When I was a teenager, I wished my active imagination would always stay vivid. Unfortunately, that wish came true. *** Being diagnosed and treated for cancer unleashes a maelstrom of emotions. But lately I have been wondering if a cancer experience heightens our imagination. We imagine our deaths. We imagine our physical pain and suffering even before we … Continue reading the story "Cancer and the Imagination"
Post Archives tagged ‘PTSD’
This year, my goal – not my resolution – on fitness is to set the bar low. I was never a super athlete. But prior to cancer, I was in great shape and enjoyed exercise. Now, after years of grieving what I’ve lost, I have finally accepted my physical limitations and, with some creativity, have turned them into opportunities. *** After diagnosis and after radiation and after … Continue reading the story "Setting the Bar Low"
I dislike many platitudes when it comes to cancer. The general healthy public likes to give a positive spin to cancer -- especially breast cancer, of course. In fact, so many in our society consider breast cancer the cute, benign sort of cancer, even though it kills and maims. Well-meaning people have tritely referred to my breast cancer experience as a “journey,” as if there’s a … Continue reading the story "No, Cancer is Not a Journey"
“Oooh, that’s one creepy-looking dinosaur!” I told my wide-eyed-but-ready-for-bedtime daughter. “Then read about it, Mommy!” she laughed, pointing at the ferocious dinosaur in one of her favorite books. “Honey, I’m so glad they are extinct.” “Otherwise, they would chase us and eat us?” “Yes, I’m sure.” She yawned. “I’m glad they are extinct, too,” as she rolled over to sleep. It’s now midnight, and I’ve been trying to sleep for hours, … Continue reading the story "Dinosaurs"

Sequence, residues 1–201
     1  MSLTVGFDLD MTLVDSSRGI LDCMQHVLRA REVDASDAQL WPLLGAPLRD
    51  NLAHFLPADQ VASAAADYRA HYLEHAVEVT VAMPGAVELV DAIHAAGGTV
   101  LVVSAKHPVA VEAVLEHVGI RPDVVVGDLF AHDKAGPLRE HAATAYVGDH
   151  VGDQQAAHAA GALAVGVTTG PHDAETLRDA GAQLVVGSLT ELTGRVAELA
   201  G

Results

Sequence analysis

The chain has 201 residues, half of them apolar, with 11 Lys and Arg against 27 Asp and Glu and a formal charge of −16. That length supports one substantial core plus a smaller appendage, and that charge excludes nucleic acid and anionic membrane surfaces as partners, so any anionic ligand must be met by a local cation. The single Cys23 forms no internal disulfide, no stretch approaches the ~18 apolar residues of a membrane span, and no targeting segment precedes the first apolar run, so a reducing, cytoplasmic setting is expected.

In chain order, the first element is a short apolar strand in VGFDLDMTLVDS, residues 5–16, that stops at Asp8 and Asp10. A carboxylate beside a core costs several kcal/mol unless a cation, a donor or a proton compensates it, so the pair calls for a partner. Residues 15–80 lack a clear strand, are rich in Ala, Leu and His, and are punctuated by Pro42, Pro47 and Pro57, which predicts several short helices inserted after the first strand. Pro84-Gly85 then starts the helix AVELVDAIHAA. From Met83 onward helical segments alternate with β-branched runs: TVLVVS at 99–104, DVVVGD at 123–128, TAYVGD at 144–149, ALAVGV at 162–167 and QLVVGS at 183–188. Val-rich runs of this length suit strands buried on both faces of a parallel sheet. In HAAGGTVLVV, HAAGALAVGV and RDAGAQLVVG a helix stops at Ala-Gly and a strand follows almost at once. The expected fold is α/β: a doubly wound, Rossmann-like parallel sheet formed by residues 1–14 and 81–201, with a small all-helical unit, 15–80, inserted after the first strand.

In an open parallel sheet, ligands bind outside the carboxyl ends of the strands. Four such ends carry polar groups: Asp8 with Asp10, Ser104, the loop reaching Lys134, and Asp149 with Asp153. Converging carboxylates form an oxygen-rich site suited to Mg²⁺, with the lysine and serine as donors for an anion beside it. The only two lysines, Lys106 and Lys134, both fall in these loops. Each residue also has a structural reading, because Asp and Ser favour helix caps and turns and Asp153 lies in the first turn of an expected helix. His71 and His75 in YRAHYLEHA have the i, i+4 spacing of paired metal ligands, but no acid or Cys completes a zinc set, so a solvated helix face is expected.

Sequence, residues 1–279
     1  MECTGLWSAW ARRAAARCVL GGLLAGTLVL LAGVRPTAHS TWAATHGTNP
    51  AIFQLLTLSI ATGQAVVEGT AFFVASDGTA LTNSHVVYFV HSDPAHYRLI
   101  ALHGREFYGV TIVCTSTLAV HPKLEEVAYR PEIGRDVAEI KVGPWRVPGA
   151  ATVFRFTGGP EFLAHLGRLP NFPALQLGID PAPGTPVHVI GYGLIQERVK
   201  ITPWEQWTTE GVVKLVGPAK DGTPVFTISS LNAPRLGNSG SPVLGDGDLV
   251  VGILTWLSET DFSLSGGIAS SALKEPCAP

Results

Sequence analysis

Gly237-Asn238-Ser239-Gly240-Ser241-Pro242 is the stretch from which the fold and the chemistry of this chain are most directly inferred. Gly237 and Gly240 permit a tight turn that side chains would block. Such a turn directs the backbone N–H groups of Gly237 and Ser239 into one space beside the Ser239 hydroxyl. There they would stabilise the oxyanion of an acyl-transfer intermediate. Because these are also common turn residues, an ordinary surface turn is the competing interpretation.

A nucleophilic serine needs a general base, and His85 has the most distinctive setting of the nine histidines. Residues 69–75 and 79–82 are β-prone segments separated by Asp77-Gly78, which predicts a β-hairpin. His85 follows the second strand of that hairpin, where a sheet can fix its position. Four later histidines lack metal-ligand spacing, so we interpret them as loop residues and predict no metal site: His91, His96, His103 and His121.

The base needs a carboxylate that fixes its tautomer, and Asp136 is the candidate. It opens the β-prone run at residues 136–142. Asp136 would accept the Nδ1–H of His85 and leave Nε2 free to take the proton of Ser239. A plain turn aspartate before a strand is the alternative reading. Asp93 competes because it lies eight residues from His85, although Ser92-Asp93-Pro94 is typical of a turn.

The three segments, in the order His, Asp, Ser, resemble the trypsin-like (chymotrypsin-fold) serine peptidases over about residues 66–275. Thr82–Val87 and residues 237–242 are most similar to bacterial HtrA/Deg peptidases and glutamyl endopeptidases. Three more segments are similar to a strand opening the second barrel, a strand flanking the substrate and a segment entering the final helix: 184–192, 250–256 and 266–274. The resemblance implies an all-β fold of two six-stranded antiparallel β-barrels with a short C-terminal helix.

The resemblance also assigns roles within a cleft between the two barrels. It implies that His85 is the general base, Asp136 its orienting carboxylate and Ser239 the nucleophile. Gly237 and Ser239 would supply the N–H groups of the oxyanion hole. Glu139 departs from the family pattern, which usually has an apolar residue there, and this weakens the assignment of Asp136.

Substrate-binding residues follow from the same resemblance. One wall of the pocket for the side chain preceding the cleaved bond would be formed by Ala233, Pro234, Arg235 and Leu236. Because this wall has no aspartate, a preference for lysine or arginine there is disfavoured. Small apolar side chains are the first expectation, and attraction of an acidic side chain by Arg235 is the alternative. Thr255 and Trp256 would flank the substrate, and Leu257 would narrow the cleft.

Upon hearing that I am cancer-free thus far, people flippantly ask me if I’m now used to the "new me" or the “new normal.” I’m sure they mean well, but I really don’t know what they mean. They are tossing about meaningless phrases. I don’t like being typecast into nonsensical words like the "new me" and “new normal” because -- even if cancer is not … Continue reading the story "The New Abnormal"
In a previous post, I said I was too scared to write what I deemed a risky piece on my blog. This is that post. Throughout my pre-cancer life, many people have admired my fortitude and tenacity. Tarnished by life’s traumas, I still kept my platinum mind focused. Many folks used to tell me I was the strongest person they knew: No matter how difficult … Continue reading the story "Matter Over Mind"
Reconstruction has saved me. I’m not referring to my prophylactic bilateral mastectomy with reconstruction. I’m talking about the transformation of my hospital’s Cancer Care Center, where I received my treatments and followups, to the now-named Center for Advanced Care, where I receive followup care. Years ago, I first met my oncologist in the Cancer Care Center, a very ordinary, depressing sort of building with few … Continue reading the story "A Kinder, Gentler Reconstruction"
How many invisible scars do I have? Let me count the ways. During November, the #BCSM community is focusing on the invisible scars resulting from breast cancer. The latest #BCSM tweetchat transcript is here, and comments were flying. Understandably. We, members of the club no one wanted to join, have much to say about invisible scars. Long after I got up from that chemo recliner and long after … Continue reading the story "Invisible Scars"